Detecting potential pleiotropy across cardiovascular and neurological diseases using univariate, bivariate, and multivariate methods on 43,870 individuals from the eMERGE network

Xinyuan Zhang1,†, Yogasudha Veturi2,†, Shefali Verma2, William Bone1, Anurag Verma2, Anastasia Lucas2, Scott Hebbring3, Joshua C. Denny4, Ian Stanaway5, Gail P. Jarvik5, David Crosslin5, Eric B. Larson6, Laura Rasmussen-Torvik7, Sarah A. Pendergrass8, Jordan W. Smoller9, Hakon Hakonarson10, Patrick Sleiman10, Chunhua Weng11, David Fasel11, Wei-Qi Wei12, Iftikhar Kullo13, Daniel Schaid14, Wendy K. Chung15, Marylyn D. Ritchie2,*

1Genomics and Computational Biology Graduate Group, Perelman School of Medicine, University of Pennsylvania
2Department of Genetics and Institute for Biomedical Informatics, Perelman School of Medicine, University of Pennsylvania
3Center for Human Genetics, Marshfield Clinic
4Department of Medicine, Vanderbilt University
5Departments of Medicine (Medical Genetics) and Genomic Sciences, University of Washington School of Medicine
6Kaiser Permanente Washington Health Research Institute
7Department of Preventive Medicine, Northwestern University Feinberg School of Medicine
8Biomedical and Translational Informatics Institute, Geisinger Health System
9Psychiatric and Neurodevelopmental Genetics Unit, Massachusetts General Hospital
10Center for Applied Genomics, Children's Hospital of Philadelphia
11Department of Biomedical Informatics, Columbia University
12Department of Biomedical Informatics in School of Medicine, Vanderbilt University
13Division of Cardiovascular Diseases, Mayo Clinic
14Division of Biomedical Statistics and Informatics, Department of Health Sciences Research, Mayo Clinic
15Department of Pediatrics, Columbia University
Authors contributed equally to this work
*Corresponding author

Pacific Symposium on Biocomputing 24:272-283(2019)

© 2019 World Scientific
Open Access chapter published by World Scientific Publishing Company and distributed under the terms of the Creative Commons Attribution (CC BY) 4.0 License.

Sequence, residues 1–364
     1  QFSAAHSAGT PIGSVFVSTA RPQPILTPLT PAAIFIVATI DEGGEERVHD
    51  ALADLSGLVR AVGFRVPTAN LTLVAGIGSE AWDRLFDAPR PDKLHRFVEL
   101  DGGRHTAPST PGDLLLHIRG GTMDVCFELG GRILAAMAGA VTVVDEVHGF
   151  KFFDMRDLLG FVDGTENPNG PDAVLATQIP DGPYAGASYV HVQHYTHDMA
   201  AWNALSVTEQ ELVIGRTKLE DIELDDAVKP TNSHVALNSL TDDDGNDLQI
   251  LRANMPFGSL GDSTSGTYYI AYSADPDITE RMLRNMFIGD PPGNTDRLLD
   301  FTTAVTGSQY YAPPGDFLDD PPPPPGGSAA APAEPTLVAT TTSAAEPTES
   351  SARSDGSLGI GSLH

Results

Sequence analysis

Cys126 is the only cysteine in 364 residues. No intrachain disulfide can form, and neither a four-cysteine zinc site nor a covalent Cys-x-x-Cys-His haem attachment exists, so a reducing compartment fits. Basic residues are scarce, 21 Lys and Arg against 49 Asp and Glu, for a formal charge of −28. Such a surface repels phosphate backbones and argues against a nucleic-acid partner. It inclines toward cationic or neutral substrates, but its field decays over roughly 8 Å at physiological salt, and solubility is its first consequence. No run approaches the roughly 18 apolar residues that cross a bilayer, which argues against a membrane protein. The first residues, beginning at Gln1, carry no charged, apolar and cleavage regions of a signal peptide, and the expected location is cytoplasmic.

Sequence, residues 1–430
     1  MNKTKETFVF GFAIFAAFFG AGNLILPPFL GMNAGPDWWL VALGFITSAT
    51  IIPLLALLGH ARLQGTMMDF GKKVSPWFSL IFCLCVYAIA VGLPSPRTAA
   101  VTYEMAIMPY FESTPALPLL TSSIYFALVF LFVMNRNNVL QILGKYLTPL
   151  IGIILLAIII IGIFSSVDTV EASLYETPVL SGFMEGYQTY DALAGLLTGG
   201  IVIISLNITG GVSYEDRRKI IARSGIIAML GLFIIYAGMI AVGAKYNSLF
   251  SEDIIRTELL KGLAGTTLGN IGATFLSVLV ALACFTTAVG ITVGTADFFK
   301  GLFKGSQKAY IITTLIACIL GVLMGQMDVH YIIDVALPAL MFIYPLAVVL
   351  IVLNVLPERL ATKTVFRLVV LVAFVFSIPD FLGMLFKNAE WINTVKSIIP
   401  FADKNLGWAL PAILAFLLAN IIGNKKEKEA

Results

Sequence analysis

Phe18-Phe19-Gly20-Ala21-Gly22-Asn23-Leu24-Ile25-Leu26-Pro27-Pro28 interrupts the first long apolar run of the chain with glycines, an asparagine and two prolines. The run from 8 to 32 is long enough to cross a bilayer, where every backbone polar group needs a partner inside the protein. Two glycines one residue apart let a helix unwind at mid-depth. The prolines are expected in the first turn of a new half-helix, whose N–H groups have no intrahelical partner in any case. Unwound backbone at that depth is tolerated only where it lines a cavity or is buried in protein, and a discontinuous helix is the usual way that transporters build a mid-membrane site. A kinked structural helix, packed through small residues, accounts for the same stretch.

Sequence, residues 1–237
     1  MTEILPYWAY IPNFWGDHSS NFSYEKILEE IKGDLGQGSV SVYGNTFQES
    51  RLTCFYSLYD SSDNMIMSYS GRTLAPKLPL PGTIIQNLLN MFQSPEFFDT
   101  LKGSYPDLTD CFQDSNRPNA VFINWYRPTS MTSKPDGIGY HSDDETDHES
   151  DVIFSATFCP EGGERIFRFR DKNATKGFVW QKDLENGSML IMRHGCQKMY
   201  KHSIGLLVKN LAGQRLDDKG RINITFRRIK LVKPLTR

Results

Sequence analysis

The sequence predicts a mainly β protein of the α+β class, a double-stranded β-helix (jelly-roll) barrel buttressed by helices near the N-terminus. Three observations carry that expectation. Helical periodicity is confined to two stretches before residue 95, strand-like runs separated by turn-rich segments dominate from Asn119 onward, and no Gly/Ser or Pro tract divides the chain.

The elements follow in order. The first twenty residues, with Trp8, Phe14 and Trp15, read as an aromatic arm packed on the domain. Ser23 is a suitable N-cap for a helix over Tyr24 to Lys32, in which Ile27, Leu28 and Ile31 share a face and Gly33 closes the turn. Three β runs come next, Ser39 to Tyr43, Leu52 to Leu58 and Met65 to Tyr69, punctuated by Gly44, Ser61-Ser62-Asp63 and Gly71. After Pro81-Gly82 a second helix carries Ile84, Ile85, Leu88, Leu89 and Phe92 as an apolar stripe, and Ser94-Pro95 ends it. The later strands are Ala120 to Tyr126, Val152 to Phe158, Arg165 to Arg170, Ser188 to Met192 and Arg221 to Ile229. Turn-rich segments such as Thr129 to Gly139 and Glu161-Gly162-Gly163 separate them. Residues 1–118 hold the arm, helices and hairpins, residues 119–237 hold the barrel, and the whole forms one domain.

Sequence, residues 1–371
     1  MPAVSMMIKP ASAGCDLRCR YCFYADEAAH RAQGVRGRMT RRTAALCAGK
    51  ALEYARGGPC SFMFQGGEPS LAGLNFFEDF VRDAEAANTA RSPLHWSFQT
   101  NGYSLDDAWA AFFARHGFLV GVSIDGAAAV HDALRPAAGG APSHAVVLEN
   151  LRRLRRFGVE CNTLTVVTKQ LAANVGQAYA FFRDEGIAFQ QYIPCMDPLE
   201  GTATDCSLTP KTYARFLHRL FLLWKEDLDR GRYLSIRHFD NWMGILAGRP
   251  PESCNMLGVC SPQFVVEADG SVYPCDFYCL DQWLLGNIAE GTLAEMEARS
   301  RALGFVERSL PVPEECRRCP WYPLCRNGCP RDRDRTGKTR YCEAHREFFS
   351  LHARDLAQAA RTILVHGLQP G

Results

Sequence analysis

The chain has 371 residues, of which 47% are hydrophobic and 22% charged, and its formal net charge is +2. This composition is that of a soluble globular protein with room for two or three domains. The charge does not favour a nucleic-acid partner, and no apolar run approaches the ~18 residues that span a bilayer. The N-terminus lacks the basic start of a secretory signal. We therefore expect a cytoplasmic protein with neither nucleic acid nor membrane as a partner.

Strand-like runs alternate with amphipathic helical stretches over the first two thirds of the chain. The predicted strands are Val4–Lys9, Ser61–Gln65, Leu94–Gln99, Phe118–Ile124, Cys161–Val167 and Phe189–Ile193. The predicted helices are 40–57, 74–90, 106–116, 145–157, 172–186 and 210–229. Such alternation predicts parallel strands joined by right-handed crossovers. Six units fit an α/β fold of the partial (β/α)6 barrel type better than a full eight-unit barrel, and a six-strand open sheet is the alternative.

The link between cardiovascular diseases and neurological disorders has been widely observed in the aging population. Disease prevention and treatment rely on understanding the potential genetic nexus of multiple diseases in these categories. In this study, we were interested in detecting pleiotropy, or the phenomenon in which a genetic variant influences more than one phenotype. Marker-phenotype association approaches can be grouped into univariate, bivariate, and multivariate categories based on the number of phenotypes considered at one time. Here we applied one statistical method per category followed by an eQTL colocalization analysis to identify potential pleiotropic variants that contribute to the link between cardiovascular and neurological diseases. We performed our analyses on ~530,000 common SNPs coupled with 65 electronic health record (EHR)-based phenotypes in 43,870 unrelated European adults from the Electronic Medical Records and Genomics (eMERGE) network. There were 31 variants identified by all three methods that showed significant associations across late onset cardiac- and neurologic- diseases. We further investigated functional implications of gene expression on the detected "lead SNPs" via colocalization analysis, providing a deeper understanding of the discovered associations. In summary, we present the framework and landscape for detecting potential pleiotropy using univariate, bivariate, multivariate, and colocalization methods. Further exploration of these potentially pleiotropic genetic variants will work toward understanding disease causing mechanisms across cardiovascular and neurological diseases and may assist in considering disease prevention as well as drug repositioning in future research.

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